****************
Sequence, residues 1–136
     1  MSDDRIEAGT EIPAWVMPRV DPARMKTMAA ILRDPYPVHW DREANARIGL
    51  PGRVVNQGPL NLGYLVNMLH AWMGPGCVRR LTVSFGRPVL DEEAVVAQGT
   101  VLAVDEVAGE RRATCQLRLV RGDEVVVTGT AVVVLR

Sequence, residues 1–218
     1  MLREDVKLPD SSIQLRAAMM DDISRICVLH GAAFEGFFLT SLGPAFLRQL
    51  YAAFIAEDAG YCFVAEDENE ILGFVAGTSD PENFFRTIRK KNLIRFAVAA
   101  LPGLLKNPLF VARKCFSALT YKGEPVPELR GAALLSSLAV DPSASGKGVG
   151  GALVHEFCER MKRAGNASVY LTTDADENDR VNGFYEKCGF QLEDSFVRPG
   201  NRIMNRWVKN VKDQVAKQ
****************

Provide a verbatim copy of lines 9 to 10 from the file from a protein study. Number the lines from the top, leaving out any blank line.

   151  GALVHEFCER MKRAGNASVY LTTDADENDR VNGFYEKCGF QLEDSFVRPG
   201  NRIMNRWVKN VKDQVAKQ